Gold firm, silver at 30-year high

Spot silver reached a new 30-year high and gold was firm on Monday, after disappointing U.S. payrolls data underpinned hopes of more stimulus from the Federal Reserve and spurred interest in precious metals.

The U.S. economy shed jobs for a fourth straight month in September, hit by government layoffs and slower private hiring.

“In the short term, gold will still look at the economic picture. If economic data turns out weaker than expected, it will raise expectations of quantitative easing, which will be positive for gold,” said Ong Yi Ling, an analyst at Phillip Futures.

Continuous weakness in the U.S. dollar also lends support to bullion. The dollar slid to 15-year lows versus the yen Monday as soft jobs data fueled expectations of more quantitative easing, while the IMF and G7 meetings produced nothing to avert a cycle of competitive depreciation.

Spot gold rose 0.7 percent to $1,353 an ounce by 0335 GMT. It hit an all-time high of $1,364.60 last week.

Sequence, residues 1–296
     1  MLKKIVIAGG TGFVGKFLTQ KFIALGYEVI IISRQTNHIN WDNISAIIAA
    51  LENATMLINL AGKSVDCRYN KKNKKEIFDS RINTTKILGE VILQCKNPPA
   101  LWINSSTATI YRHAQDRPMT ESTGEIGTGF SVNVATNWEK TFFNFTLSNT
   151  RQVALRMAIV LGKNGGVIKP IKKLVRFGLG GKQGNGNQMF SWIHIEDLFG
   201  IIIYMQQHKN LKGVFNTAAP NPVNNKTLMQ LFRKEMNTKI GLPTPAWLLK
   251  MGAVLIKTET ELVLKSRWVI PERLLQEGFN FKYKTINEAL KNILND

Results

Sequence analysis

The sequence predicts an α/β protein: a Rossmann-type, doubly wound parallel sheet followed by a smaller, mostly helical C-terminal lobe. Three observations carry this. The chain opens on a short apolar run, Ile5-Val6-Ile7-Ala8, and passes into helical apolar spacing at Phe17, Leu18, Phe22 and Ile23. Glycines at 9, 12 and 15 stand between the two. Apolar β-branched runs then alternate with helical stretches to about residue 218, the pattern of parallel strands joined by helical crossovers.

U.S. gold futures for December delivery were up 0.7 percent at $1,354.1.

Gold may rise to $1,367 an ounce, as a bullish pennant has been confirmed, said Wang Tao, a Reuters market analyst.

For a graphic of the 24-hour gold technical outlook, see:


Gold output in China, the world’s largest gold producer, fell 11 percent on the month to 27.655 metric tons in August, but total production in the first eight months gained 8.85 percent from a year earlier.

“Physical demand is on the rise, as investors swarm into the gold market, betting on a further price rally,” a Beijing-based trader said, but added that the rising Chinese yuan has been curbing the rise in domestic gold prices.

China’s central bank set the yuan’s daily mid-point against the dollar at a record high on Monday.

Spot silver rose to a new 30-year high of $23.65 an ounce, before easing to $23.45, gaining nearly 40 percent so far this year, outperforming gold’s 23 percent rally.

“As long as gold prices hold firm, prices of other precious metals, such as silver, will actually outpace gold, thanks to increasing investment interest,” said Ong of Phillip Futures.

“For silver, we are also likely to see increasing demand on the physical side from emerging economies, such as China, both on industrial and investment sides.”

The gold-silver ratio, used to measure how many ounces of silver are used to buy an ounce of gold, dropped to its lowest in more than two years.
Source: Reuters

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